The banking royal commission continues to remain firmly in the spotlight due to the negligence and abuse of trust it is uncovering. Whether it's lenders carrying out unethical treatment of farmers or bending criteria for home loan eligibility, each week uncovers more evidence of misconduct from many of Australia's financial institutions.
For the finance industry, not only are these failures a stain on their reputations, they are also costly. Following these revelations, penalties for corporate misconduct will be boosted to include fines of more than $200 million. The government has announced new criminal penalties of up to 10 years' jail and maximum fines of $945,000 for individuals breaching the Corporations Act. Fines for corporations can reach up to 10% of annual turnover.
As a result, the issues of compliance and regulation are now firmly top of mind for any business facing similar pressure to abide by regulatory standards.
Ensuring compliance has traditionally been a tough task due to the sheer volume of interactions that take place between institutions and customers. Not every call between a customer and a contact centre agent can be monitored. As a result, compliance breaches can often slip through the cracks.
Within the industry, it's well-known that banks and financial organisations, due to resourcing, can only monitor 2-5% of all calls that are taking place in a call centre.
Analysing and evaluating massive data sets is a taxing job for humans, however, machines excel at these kinds of tasks. Spotting and understanding patterns within unstructured data is something AI, when fed the correct information, can do well. As we've seen from headline-grabbing products such as Amazon's Alexa, the applications of AI are growing at an exponential rate and contact centres are in many ways the next frontier of this.
Augmenting how call centres operate
Banks receive an influx of customer calls every day, and although they have systems in place for monitoring certain volumes of them for quality assurance, the banking commission has highlighted the flaws in these systems that have allowed unethical practices to go unchecked. Currently, many businesses rely on managers rating employee performance through restrictive quality assurance scorecards that only assess a certain number of factors.
However, the right technology, such as AI, provides a better solution. AI has the ability to monitor 100% of conversations, which is a vast improvement compared to the limited percentage of interactions that human supervisors are currently able to oversee. All of these interactions are not only recorded; they are also analysed, evaluated, and this analysis can be extended to cover as many factors as needed.
The technology is able to achieve this by mapping word and concept level relationships within conversations and then deducing business specific intelligence and insights. Speech analytics is able to measure everything from the reason the person called to their mood at any stage of the call or contact. AI can link keywords and phrases and carry out semantic matching (which matches phrases on their similarity of meaning).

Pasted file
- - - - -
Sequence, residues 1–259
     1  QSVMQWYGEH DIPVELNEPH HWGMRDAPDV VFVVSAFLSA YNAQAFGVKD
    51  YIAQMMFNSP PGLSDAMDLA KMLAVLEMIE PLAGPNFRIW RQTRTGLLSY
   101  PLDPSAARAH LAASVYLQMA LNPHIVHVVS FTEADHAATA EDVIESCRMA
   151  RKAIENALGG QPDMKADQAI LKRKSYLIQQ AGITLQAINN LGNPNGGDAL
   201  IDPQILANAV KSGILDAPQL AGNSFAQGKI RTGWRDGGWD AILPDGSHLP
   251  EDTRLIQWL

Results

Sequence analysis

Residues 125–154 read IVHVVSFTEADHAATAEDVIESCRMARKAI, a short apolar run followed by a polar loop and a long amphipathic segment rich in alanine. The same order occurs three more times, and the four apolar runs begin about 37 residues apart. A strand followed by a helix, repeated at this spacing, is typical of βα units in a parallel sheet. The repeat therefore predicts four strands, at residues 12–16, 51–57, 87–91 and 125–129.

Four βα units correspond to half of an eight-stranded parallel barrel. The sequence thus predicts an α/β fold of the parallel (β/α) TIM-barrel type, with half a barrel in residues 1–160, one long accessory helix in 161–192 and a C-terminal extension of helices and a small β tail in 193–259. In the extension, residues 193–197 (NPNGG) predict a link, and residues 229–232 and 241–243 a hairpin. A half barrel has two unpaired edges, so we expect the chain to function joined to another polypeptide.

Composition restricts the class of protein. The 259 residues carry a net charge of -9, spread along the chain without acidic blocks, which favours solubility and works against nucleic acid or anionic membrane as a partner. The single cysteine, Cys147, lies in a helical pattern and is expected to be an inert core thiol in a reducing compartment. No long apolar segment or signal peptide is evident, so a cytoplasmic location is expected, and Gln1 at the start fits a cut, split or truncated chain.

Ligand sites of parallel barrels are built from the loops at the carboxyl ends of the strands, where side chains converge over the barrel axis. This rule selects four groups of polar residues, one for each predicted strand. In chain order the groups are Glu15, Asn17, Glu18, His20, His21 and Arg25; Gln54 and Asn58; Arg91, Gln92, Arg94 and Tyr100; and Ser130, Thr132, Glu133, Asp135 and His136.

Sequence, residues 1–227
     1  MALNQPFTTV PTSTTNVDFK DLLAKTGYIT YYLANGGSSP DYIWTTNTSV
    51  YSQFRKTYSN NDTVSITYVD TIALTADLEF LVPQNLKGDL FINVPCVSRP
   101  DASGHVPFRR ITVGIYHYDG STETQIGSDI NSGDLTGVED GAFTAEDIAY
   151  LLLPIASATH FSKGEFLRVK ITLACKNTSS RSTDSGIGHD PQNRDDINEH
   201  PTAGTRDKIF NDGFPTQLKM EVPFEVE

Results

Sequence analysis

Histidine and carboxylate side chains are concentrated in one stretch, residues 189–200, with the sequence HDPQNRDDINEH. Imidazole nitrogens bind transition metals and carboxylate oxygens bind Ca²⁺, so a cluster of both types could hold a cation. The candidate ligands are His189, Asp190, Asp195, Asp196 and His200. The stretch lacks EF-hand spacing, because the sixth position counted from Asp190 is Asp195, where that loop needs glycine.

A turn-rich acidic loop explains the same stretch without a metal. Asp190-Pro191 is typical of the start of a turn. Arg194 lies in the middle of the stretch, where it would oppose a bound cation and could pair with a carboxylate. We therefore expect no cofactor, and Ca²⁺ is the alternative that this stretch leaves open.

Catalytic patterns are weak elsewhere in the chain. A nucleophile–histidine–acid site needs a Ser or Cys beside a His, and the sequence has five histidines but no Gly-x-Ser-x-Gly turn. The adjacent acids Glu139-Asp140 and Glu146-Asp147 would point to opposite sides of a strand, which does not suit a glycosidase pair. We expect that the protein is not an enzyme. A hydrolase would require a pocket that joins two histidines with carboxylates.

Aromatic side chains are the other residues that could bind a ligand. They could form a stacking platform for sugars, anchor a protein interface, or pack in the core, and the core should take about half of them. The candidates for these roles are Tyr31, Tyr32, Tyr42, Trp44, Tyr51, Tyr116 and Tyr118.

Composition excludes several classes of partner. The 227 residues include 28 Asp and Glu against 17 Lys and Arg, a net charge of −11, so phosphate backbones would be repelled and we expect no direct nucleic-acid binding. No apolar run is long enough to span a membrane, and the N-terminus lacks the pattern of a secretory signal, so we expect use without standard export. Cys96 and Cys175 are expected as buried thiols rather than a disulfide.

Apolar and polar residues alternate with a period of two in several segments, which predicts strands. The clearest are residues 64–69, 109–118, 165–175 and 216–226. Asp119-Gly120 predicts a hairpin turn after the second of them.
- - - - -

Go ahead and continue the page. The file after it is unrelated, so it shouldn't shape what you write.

These machine-enabled insights augment human contact centre agents. By feeding AI-enabled monitoring tools a mixture of information detailing examples of misconduct in call centres, and information outlining correct procedures, businesses can embed new systems that augment the work of employees.
The result is not only an environment that maintains the human touch of call centres but one that establishes systems of self-regulation.
Using AI to reinforce a culture of compliance
When AI programs are installed in call centres to analyse information on what constitutes compliance, businesses can equip themselves with an early warning system.
The observations made by these AI systems can also be repurposed into the training strategies a business uses for new and existing employees. When these AI systems have the capability to pinpoint the exact moments a call centre employee breaks protocol, they also ensure businesses identify what their employees need more training in.
The end result of this is that businesses inject themselves with a new layer of regulatory guidance, a system that clearly identifies when employees break protocol and provide the data to develop tailored training plans that address these occurrences. Beyond training, the analysis of this data provides businesses with new insights that can be implemented across areas like marketing, customer experience and product development.
With consumers demanding more accountability from financial institutions, businesses need to up their approach to compliance and AI tools provide the most effective way to achieve this. In the next two-to-five years having some type of AI-enabled tool to ensure compliance will increasingly be the norm and business which fail to adopt these tools will fall behind. AI will not only improve the customer experience, it will also provide long-term cost savings for Australian businesses.